The University of Utah MUSE Project is honored to welcome U.S. Supreme Court Justice Sonia Sotomayor to campus for a special event on Jan. 28, 2015. Justice Sotomayor is scheduled to speak and participate in a Q&A at the Jon M. Huntsman Center at 12 p.m. (Doors open at 10:30 a.m. Arrive early for best seating.)
The MUSE Project needs your questions for the Q&A portion of the event. If you have something you want to ask Justice Sotomayor, please email your questions here.
Tickets are available to the University community (students, faculty, staff and administrators) at the following locations:
• The Rice-Eccles Stadium Main Ticket Office
Each individual will be able to obtain up to four free tickets with a valid UCard. Tickets will be available only to the University community until Monday, Dec. 1, 2014, when all remaining tickets will be made available to the public at the Rice-Eccles Stadium Ticket Office.
The University of Utah MUSE Project thanks all University community members for their interest and participation in this exciting event. Please click here for updated event information.
The College of Social Work installed a beautiful collection of 1,000 origami paper cranes in the Otto and Amy Jones Student Lounge in the Wilford W. and Dorothy P. Goodwill Humanitarian Building. The permanent instillation is not only visually brilliant, but it also has a great story.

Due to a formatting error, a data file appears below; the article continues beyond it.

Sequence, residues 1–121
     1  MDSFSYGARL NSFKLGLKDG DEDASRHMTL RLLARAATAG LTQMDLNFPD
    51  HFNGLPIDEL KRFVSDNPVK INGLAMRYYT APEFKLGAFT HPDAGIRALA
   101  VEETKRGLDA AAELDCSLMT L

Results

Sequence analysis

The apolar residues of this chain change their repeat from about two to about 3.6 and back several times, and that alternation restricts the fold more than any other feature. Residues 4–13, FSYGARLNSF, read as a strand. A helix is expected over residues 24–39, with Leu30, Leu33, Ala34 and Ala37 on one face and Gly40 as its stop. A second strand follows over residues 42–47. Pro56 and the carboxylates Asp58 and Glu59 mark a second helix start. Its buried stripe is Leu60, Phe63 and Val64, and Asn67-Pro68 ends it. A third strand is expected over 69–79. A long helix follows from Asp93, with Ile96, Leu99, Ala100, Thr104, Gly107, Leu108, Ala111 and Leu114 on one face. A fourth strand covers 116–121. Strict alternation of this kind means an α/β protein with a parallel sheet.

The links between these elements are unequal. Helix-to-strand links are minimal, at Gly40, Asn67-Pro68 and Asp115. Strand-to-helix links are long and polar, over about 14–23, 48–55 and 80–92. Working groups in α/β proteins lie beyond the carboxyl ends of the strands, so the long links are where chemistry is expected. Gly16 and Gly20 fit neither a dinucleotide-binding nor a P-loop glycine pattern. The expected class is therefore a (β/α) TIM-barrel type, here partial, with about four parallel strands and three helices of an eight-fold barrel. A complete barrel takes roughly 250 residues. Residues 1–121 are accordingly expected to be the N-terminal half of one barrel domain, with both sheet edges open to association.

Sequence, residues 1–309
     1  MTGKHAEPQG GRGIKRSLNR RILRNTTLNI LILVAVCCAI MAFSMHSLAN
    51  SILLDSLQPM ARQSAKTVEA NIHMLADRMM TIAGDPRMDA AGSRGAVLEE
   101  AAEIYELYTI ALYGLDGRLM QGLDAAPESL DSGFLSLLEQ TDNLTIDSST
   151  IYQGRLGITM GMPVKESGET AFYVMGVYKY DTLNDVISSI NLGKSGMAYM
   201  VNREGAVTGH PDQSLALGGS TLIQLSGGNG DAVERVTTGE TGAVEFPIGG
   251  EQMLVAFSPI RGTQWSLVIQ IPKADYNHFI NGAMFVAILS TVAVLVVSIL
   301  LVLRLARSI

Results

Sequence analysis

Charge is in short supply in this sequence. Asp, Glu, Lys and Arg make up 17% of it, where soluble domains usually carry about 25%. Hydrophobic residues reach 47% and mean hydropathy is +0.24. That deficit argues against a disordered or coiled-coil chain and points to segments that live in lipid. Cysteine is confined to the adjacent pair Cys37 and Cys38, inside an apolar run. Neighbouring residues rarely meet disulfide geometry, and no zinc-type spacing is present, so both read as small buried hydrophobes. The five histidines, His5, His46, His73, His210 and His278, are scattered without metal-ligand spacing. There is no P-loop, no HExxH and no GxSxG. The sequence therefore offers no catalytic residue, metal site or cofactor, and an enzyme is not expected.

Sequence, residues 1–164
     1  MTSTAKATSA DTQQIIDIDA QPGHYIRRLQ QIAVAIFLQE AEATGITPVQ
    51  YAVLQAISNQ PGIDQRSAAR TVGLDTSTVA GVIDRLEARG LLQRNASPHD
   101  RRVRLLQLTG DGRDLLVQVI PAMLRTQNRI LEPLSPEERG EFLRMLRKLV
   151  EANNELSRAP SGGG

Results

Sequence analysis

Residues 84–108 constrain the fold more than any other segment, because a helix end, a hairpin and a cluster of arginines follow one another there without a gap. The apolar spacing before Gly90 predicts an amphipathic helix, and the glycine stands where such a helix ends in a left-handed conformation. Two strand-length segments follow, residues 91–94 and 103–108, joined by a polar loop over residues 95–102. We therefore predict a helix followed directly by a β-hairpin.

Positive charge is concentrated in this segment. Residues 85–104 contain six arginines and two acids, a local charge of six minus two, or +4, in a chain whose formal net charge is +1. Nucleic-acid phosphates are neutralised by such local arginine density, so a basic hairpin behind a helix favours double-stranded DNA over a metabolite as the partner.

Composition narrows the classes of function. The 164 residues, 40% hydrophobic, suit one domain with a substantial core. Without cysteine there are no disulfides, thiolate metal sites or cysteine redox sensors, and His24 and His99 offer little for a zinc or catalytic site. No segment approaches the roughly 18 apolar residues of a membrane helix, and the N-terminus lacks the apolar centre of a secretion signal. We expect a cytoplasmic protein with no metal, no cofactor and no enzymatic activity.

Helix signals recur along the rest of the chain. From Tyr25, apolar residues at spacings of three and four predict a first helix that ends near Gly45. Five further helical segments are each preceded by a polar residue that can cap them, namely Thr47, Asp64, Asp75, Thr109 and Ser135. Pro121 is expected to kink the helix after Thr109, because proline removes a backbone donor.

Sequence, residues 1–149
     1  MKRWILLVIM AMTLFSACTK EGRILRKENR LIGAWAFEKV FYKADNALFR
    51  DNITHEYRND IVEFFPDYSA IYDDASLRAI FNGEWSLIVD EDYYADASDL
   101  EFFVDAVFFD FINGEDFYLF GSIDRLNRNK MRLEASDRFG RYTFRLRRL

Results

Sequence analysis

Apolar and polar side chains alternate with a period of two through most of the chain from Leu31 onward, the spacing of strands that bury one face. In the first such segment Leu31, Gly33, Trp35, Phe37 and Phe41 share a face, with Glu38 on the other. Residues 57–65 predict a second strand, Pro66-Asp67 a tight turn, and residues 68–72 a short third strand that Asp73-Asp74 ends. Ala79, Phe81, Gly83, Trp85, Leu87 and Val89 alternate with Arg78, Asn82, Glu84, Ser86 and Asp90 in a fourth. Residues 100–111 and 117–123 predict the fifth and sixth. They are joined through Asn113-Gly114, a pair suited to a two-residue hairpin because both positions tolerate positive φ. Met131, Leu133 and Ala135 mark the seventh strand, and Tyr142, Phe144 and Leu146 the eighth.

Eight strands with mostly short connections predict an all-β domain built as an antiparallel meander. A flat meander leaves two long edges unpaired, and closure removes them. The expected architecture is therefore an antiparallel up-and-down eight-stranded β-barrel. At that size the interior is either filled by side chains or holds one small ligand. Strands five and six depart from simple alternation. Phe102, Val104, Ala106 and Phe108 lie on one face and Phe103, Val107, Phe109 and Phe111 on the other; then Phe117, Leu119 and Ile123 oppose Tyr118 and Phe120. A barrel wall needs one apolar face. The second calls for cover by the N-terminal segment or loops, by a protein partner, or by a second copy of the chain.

Over the past 15 months, students (undergrad and grad), faculty, staff, alumni, donors, foreign colleagues, exchange students, guest speakers and friends from around the world folded the paper cranes and signed them with their names, the year and a wish for peace, health or happiness. The mastermind behind the project, Irene Ota, coordinator for College of Social Work diversity, explains that in Japanese tradition 1,000 cranes are folded to honor a marriage. But after the World War II bombing of Hiroshima, the paper cranes took on a new meaning: hope for peace and health.
Ota and the College of Social Work felt the themes of peace, health and happiness were appropriate and powerful affirmations for the local and global community of social workers and allied colleagues, and they are delighted to add this meaningful piece of work to the building.The small silver charms at the bottom of each strand indicates hope for the virtues of kindness, balance, wisdom, courage, honesty, strength and more.
By having so many people sign the origami cranes, the building has a lovely representation and permanent presence the community at the University of Utah.